I’m about to do something I haven’t done for a good few years and I’m feeling oddly nervous.
I’m sitting an exam, you see, and despite the fact it’s about a subject I’ve spent the past four years writing about (and not to mention had nearly a decade of practice in) I’m worried about failing.
Even though my already substantial knowledge of whisky has been supplemented with two days of expert tutelage under the watchful eyes of respected whisky expert Vic Cameron, I’m still left with a feeling of anxiousness that won’t pass. That perhaps I won’t pass.
As soon as I sat down to look over the question paper, the weight was quickly lifted from my shoulders as I realised that Vic’s teaching was bulletproof and that the Whisky Diploma Course I had enrolled in was as thorough as you’d expect Scottish Qualifications Authority-accredited schooling to be.
As a whisky writer, I’m well aware of the truism that in this industry you never truly stop learning, and it’s something that Edinburgh Whisky Academy founder and managing director Kirsty McKerrow also understood, and, having spotted the gap in the market for a true educational course on the subject, she decided to set up the academy.
Kirsty has whisky production rooted in her family history – her forefathers started Mackinlay’s, the family blended whisky, in the early 1800s.
She said: “Until now, there was no recognised independent qualification at a vocational level in the whisky industry.
"Of great importance is that the knowledge gained is totally impartial and neutral from any distillery or brand.
"The diplomas will be welcomed by whisky industry workers, hospitality staff and spirits retailers and also by whisky enthusiasts keen to expand their knowledge”
Launching the course in 2015, following a career as Nordic Brand Ambassador for Möet Hennessy’s whiskies, Glenmorangie and Ardbeg, based in Sweden, Kirsty enrolled industry veteran Vic to oversee the teaching of the two-day course and employed several noted whisky experts to put together the learning outcomes that would go on to form the main course material.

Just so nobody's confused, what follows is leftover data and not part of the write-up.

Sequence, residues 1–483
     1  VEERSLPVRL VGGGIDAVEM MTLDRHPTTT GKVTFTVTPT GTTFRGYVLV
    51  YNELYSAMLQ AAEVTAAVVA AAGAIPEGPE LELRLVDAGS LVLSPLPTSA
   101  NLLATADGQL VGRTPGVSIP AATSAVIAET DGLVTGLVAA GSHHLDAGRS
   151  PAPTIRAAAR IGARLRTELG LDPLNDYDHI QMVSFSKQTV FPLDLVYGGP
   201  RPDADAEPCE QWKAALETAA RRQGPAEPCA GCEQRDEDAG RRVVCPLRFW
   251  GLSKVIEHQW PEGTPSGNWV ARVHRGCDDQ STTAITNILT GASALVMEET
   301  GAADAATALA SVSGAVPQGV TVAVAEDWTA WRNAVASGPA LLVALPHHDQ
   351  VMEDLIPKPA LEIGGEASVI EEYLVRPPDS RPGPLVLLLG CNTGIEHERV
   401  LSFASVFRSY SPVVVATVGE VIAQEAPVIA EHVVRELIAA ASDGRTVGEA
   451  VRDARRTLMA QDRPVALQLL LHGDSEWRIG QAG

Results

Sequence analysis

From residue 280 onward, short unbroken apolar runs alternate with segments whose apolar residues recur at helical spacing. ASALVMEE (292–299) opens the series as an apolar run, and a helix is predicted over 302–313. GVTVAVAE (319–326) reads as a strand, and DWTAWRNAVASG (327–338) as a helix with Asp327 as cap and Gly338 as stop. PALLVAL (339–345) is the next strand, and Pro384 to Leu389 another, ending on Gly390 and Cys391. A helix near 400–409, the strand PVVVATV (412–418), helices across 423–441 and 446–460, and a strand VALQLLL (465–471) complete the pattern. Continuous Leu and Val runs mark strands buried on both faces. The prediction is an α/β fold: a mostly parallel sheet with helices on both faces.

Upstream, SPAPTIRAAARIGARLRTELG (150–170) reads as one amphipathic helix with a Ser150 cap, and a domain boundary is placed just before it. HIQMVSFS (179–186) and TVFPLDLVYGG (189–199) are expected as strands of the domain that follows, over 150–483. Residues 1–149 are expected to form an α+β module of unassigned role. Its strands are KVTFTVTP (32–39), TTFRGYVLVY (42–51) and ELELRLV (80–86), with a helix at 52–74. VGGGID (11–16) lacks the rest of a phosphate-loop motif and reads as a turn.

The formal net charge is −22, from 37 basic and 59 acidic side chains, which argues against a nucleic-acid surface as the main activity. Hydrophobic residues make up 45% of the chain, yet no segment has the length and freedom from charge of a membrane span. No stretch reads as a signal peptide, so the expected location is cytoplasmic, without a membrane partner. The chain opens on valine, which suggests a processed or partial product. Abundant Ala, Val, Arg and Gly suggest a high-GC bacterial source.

Featuring a hands-on syllabus that covers every aspect of the production of the spirit that goes on to become Scotland’s national drink; the areas of tasting, malting, distilling and maturation are all explored.
A visit to local distillery Glenkinchie on day two is also included, where, after two days of study, it’s Vic’s turn to ask the questions in an entertaining form of revision where the theory meets the practical.
With the course taking place in Arniston House, a picturesque country mansion in Gorebridge, Kirsty and the team were on hand to pick up my fellow students for the two days, provide them with their handy course notebook (which itself felt like it weighed more than a case of whisky) and offer sustenance.
Both days are packed with information on things that even the most stringent of whisky nerds more than likely doesn’t know, such as the ideal temperature for mashing, the various pests that are a threat to malting and even the chemistry behind the fermentation process.
It’s fascinating and at times, enthralling, to be learning about something so enjoyable, and thankfully it doesn’t treat beginners with kid gloves or the connoisseurs with too much respect – everyone is there to learn and Vic is as thorough about some of the more mundane aspects of the processes as he is with the fun parts like nosing and tasting.
The course itself actually benefits from this more rounded approach as students are given insight into the different stages that are perhaps considered to be “less sexy” than their counterparts like malting and milling, as well as a better understanding of how each stage directly affects the final flavour.
In the end, I needn’t have worried. The excellent course itself had furnished me with more than enough information to pass, and I did with flying colours.
However, my lowest score was in the sensory section. Perhaps I need some more practice. Pass me that whisky.